Located on scenic Highway 1, Fort Ross was once the site of the southernmost Russian settlement in America. Over the years it transitioned from a fort to a ranch, until the state of California purchased the abandoned site in 1903. Today, the refurbished fort is open to the public; and although access is somewhat marginal at many historic attractions, I’m happy to report that thanks to some substantial access upgrades, Fort Ross is now accessible to everyone.
Accessible parking is located in front of the visitor center, with level access to the front door. Inside, there’s plenty of room to maneuver a wheelchair around the interpretive exhibits, and level access to the theater where a short historic film is shown. There are also accessible restrooms in the visitor center, and accessible picnic tables on cement pads out in front, under a grove of trees.
Interesting facts about the fort, include that it had the first glass windows and windmill in the state, and that it was briefly owned by John Sutter.
There are two ways to get to the stockade from the visitor center. You can take the accessible .3-mile paved path from the back door, or you can drive. If you opt to drive just make a left on the road near the windmill at the far end of the parking lot. There’s accessible parking near the fort, but you need to have a placard in order to drive down this road.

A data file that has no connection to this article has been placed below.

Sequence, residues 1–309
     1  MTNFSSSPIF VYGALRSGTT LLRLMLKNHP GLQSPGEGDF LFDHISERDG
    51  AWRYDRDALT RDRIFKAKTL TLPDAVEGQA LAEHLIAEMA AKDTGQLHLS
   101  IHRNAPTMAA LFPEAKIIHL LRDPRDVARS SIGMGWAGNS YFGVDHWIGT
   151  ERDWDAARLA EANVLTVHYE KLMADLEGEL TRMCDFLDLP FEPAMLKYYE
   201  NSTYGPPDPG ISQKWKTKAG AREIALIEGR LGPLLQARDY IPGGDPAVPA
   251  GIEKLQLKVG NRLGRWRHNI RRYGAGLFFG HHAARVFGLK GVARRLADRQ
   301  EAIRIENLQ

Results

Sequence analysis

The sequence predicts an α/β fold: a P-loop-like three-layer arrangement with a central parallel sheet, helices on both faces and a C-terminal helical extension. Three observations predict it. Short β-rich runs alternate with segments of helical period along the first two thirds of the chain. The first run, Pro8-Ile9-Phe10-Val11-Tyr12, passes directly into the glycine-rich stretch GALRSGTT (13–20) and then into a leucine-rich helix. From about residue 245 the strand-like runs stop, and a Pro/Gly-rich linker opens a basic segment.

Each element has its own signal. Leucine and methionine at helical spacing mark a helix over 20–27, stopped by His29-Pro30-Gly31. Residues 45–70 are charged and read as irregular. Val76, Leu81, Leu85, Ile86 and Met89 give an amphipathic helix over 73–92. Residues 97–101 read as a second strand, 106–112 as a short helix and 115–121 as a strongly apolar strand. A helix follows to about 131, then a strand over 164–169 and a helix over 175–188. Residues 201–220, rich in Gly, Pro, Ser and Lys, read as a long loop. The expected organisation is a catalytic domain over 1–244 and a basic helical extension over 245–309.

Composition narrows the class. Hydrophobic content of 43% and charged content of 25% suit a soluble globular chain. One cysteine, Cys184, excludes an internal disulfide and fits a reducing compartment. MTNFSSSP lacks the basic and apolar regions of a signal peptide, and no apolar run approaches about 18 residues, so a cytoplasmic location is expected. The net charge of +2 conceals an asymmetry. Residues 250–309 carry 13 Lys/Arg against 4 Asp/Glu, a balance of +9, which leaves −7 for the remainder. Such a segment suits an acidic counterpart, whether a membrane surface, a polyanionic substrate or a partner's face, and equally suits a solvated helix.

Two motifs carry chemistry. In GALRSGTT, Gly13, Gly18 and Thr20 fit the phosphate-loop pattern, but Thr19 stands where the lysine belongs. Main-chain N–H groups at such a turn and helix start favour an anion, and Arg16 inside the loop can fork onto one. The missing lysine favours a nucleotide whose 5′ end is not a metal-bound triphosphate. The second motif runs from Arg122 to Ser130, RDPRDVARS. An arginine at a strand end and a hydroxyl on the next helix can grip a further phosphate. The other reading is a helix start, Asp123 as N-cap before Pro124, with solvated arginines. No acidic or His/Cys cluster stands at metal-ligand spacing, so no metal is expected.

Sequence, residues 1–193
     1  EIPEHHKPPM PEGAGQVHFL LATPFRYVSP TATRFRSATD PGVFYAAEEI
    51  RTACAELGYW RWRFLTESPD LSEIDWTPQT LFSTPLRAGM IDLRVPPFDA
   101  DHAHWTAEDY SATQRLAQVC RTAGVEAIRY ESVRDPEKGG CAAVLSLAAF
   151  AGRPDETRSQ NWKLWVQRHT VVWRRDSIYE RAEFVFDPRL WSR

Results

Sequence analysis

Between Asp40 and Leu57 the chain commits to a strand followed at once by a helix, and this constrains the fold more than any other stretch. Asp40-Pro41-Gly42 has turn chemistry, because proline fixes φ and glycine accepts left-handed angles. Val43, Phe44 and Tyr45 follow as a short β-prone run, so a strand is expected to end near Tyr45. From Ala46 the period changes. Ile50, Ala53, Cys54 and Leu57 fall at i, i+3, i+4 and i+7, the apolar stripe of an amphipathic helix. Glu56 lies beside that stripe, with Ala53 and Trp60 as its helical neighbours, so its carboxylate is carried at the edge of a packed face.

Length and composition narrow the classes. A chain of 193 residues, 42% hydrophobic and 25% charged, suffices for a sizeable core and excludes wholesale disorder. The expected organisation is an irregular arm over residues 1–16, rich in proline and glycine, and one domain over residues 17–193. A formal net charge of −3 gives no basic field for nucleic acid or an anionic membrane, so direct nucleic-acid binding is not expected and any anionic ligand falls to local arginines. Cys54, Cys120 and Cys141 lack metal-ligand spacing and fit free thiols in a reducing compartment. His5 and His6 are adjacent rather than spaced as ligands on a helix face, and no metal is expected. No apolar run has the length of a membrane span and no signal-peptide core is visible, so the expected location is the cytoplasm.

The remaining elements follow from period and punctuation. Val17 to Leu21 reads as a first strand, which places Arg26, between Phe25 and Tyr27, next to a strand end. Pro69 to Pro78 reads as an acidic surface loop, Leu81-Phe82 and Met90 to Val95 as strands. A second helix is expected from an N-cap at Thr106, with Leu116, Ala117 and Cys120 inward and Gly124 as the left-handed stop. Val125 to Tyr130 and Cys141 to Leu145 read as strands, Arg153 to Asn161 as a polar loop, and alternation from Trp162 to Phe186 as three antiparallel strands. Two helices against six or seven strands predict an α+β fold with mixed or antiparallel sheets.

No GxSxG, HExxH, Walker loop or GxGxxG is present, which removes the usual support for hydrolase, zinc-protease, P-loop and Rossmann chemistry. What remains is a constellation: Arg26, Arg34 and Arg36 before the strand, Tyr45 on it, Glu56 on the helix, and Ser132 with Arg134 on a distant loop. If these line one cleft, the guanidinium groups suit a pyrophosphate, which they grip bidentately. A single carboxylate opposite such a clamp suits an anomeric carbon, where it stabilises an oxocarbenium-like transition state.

Inside the stockade you’ll find level access to the first floor of the Rotchev House (the only original structure left), the official’s quarters, the first floor of the blockhouse and the chapel. At first glance it appears that only the first floor of the Kuskov House is accessible, however there’s also ramp access to the second floor around back. There’s also an accessible dirt path that leads to the different structures, and if you don’t stray from it, you won’t have any access problems.
Make sure and time your visit accordingly though, as Fort Ross is only open from Friday to Monday (excluding state holidays, Thanksgiving and Christmas) from Nov 1, 2015 to March 15, 2016. So next time you’re cruising down Highway 1, make a short Fort Ross detour, and discover the interesting history behind this historic structure.